Diazepam (Valium®) is a prescription medication licensed to treat several conditions, such as alcohol withdrawal, anxiety, muscle spasms, and seizures. It is approved for use in adults and children as young as six months old.
As part of a group of medicines called benzodiazepines, diazepam has several effects on the body, including:
Diazepam also enhances the effects of gamma-aminobutyric acid (GABA), a brain chemical that is naturally calming. GABA can slow down or stop certain nerve signals in the brain. This is why diazepam and other benzodiazepines are known as mild tranquilizers, sedatives, or central nervous system depressants (CNS depressants).
Although most people tolerate this medication well, it is possible to experience side effects. Diazepam can cause problems such as drowsiness, fatigue, and coordination problems.
(Click Diazepam for a more in-depth look at the effects of diazepam, including information on how it works, general dosing guidelines, and what to know before starting treatment.)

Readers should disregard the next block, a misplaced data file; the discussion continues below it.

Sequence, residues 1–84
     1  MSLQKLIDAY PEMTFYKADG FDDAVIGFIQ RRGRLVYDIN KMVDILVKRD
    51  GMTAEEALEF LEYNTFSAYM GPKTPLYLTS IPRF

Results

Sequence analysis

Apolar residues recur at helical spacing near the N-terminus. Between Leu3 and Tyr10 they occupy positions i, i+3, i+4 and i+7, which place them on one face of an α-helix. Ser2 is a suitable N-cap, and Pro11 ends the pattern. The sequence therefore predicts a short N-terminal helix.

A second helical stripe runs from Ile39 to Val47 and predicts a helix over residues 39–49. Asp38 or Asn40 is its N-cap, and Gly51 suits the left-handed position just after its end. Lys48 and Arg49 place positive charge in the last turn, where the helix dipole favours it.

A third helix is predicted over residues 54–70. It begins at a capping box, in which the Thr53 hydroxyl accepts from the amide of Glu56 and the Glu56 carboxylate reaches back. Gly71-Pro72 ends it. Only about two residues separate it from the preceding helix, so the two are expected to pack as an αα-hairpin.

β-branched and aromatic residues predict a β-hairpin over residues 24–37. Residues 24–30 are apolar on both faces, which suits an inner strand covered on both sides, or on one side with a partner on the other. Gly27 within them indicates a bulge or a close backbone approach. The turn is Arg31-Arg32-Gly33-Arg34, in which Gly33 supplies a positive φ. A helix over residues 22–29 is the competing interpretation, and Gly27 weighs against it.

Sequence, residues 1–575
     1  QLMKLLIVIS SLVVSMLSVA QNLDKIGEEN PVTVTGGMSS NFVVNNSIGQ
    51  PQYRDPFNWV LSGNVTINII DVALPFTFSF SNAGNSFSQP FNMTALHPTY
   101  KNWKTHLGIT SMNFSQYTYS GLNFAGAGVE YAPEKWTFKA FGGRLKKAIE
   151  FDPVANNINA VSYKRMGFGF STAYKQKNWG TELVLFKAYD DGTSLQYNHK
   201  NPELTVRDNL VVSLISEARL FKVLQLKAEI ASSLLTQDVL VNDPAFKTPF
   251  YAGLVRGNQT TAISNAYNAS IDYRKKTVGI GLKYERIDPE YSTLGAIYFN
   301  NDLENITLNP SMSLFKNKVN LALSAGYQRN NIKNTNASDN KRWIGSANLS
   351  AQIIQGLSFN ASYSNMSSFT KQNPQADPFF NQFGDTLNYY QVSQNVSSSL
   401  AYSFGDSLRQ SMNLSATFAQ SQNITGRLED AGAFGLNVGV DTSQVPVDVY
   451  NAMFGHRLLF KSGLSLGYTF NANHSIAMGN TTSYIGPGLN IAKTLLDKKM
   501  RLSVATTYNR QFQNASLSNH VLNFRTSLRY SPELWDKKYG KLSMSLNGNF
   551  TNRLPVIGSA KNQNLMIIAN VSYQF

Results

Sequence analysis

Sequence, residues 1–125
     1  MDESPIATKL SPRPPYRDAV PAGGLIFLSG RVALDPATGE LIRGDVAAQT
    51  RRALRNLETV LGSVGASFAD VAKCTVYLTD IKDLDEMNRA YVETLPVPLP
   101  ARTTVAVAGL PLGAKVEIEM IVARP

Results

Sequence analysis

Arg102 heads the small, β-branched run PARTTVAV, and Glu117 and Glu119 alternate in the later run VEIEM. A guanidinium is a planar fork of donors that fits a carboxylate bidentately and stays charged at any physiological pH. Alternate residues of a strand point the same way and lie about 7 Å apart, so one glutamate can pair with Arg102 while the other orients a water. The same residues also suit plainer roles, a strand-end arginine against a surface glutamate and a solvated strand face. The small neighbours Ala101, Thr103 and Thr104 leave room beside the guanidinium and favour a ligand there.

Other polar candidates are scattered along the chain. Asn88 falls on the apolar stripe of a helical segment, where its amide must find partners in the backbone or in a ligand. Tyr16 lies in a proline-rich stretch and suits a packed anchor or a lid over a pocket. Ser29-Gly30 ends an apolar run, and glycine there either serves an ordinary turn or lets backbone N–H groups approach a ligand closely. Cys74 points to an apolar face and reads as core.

Written by/reviewed by: Kristi Monson, PharmD;Arthur Schoenstadt, MD
Food and Drug Administration, Center for Drug Evaluation and Research. Electronic orange book: Approved drug products with therapeutic equivalence evaluations. FDA Web site. Available at: http://www.fda.gov/cder/ob/. Accessed June 3, 2007.
Briggs GG, Freeman RK, Yaffe SJ. Drugs in Pregnancy and Lactation. 7th ed. Philadelphia (PA): Lippincott Williams & Wilkins;2005.
National Library of Medicine (US). Drugs and Lactation Database (LactMED). NLM Web site. Available at: http://toxnet.nlm.nih.gov/cgi-bin/sis/htmlgen?LACT. Accessed June 3, 2007.
eMedTV serves only as an informational resource. This site does not dispense medical advice or advice of any kind.
Site users seeking medical advice about their specific situation should consult with their own physician. Click